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Trick Or Treat?
In Pursuit of a "Target of Opportunity"

November 2, 1999 ::

Supernova 1999em Supernova 1999em
X-ray: NASA/CXC/SAO; Optical: Palomar Obs. DSS
It all started on Friday, October 29, when Alex Filippenko of the University of California at Berkeley notified Bob Kirshner at Harvard-Smithsonian that his supernova search project had a good candidate in a relatively nearby spiral galaxy, NGC 1637. Nearby in this case means about 25 million light years from Earth. Wei Dong Li, who is visiting Filippenko's group from the Beijing Astronomical Observatory, called his colleagues in Beijing, who confirmed the supernova, which was given the official name, SN1999em. Kirshner's group at the Smithsonian's Whipple Observatory in Arizona took a spectrum of the object on Saturday. The spectrum showed that the object was a Type II Supernova, an explosion produced by the collapse of the core of a massive star.

Kirshner took time off for dinner on Saturday night, then got in touch via e-mail with Harvey Tananbaum, director of the Chandra X-ray Center a little before 11 p.m. "There's a bright supernova in NGC 1637," he said. After giving some of the details, Kirshner signed off, "Explosively yours, Bob."

"..Go for this one! A unique chance that we have been hoping for!!!!"
- Walter Lewin of MIT
The discovery presented a dilemma for the Chandra team. On the one hand, a supernova this close to Earth goes off only once every five or ten years, and it would be the first time ever that an X-ray telescope with Chandra's sensitivity had looked at a new supernova. It definitely qualified as a Target of Opportunity (TOO) for which the normal observing program could be interrupted so Chandra could look at some new occurrence in the sky. On the other hand, the TOO program was not scheduled to begin until the Chandra Center had had more experience learning about the quirks of the observatory and the software used to command it.

Tananbaum decided to go for it, pending a review by various experts on the risks and rewards of such an undertaking. Shortly after 9:00 a.m. on Sunday, Tananbaum sent an e-mail to key team members, asking for their input.

Pat Slane
Pat Slane of the Chandra Science Mission Planning group.
Photo: CXC
Pat Slane of the Chandra Science Mission Planning group was the first to respond, and he passed the word along to Bill Forman, the head of Science Mission Planning. Soon, e-mails and phone calls were zipping back and forth as the pros and cons of the observation were discussed, and the scientists juggled their children's Halloween party schedules. Slane managed to attend his child's party and stay in touch. (He went as a vampire with a cell phone).

At 9:59 a.m. Roger Brissenden, manager of the Chandra Center, weighed in with practical considerations such as pointing problems and the details as to how to interrupt the "load"-- the program that is sent up to direct Chandra's operation for a week. Ken Gage or Kevin Marsh of the Flight Ops team would have to be brought in write the necessary software to do this.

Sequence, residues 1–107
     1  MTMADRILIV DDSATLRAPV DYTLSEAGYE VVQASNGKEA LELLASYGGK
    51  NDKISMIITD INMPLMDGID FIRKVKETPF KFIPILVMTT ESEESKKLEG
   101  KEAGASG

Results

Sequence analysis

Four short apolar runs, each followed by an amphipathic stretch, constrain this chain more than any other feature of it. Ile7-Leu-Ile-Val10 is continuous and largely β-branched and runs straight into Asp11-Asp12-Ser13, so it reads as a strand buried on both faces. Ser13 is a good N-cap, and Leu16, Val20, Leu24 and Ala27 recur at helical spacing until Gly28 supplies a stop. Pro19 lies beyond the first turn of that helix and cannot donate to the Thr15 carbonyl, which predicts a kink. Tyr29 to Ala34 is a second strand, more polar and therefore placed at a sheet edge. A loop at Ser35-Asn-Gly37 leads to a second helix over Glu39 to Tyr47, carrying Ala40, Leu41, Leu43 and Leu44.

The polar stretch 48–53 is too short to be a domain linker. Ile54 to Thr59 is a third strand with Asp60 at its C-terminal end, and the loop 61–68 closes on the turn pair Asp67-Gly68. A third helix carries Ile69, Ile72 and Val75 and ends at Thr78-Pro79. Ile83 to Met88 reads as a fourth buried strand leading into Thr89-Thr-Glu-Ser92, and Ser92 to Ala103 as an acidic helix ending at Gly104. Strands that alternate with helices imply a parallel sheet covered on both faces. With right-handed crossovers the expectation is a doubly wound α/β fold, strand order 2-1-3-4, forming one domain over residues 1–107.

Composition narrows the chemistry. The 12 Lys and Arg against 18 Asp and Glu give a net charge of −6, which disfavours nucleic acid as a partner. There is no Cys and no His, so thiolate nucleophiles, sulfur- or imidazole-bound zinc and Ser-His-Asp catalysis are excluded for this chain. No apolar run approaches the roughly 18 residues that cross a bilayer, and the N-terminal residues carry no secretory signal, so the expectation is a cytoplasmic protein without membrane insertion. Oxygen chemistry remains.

At 10:29 a.m. Walter Lewin of MIT, who had won the rights to Chandra's first observation of a nearby supernova, urged Tananbaum to, "... go for this one! A unique chance that we have been hoping for!!!!"

Anil Dosaj
Anil Dosaj of the Chandra Science Mission Planning group.
Photo: CXC
At 10:59 a.m. Paul Plucinsky of the Chandra Center's ACIS team passed along useful information on ACIS, the instrument that would be used for the observation.

At 11:30 a.m. Li supplied an accurate position of the supernova.

At 11:42 a.m. Forman emphasized the need to carefully review the procedures to maintain spacecraft safety. Anil Dosaj volunteered to come in and prepare the official Operation Request, or OR file for the observation.

Anil Dosaj, Pat Slane & Group
Scientists working on plans to observe Supernova 1999em.
Photo: CXC
At 3:42 p.m. he notified Tananbaum that they could replace the load by 2 a.m. Monday morning.

For the next 5 hours the team worked furiously, with Lewin and his colleague Derek Fox consulting with Plucinsky and Royce Buehler of MIT's ACIS team to plan the details of the observation. When they were finished, Brissenden called the team together for a final review at 9 p.m. Present were Jeff Shirer (TRW's - now NGST's) Flight Operations Team), Rob Cameron (Aspect Camera), Buehler (ACIS), Jon Chappell and Gerry Austin (HRC), Dosaj, Slane, Forman, and Marsh.

"I was impressed by how rapid the Chandra response was..."
- Dr. Robert Kirshner from the Harvard-Smithsonian.
"The review is complete and there are no issues," Brissenden reported to Tananbaum. "Overall a good effort from the team in my opinion."

All that remained was to wait for the time slot to uplink to Chandra-- most of Monday--and for Chandra to slew over to the source -- about half an hour. The observation was begun at 6:37 p.m. on Monday, and continued for several hours. The data will probably take a week or so to be analyzed.
SN 1999 em spectra
The optical spectrum exhibits a very blue continuum with broad emission features from hydrogen atoms and sodium that are typical of a Type II supernova remnant.
(Credit: CfA)

"I was impressed by how rapid the Chandra response was, " said Kirshner, who has the rights to a Hubble Space Telescope observation of the new supernova which will occur on Friday. "It typically takes a week for Hubble...Walter should be delighted."

"Walter ISSSSSSS DELIGHTED!!!!!!" Lewin responded.

The theoretical predictions of the X-ray luminosity of a new supernova vary widely, from very low to intense. Whether Supernova 1999em is a trick or a treat for astronomers will soon be known.

Editor's Note: SN1999em proved to be a treat. Find out more at (14 Dec 99)

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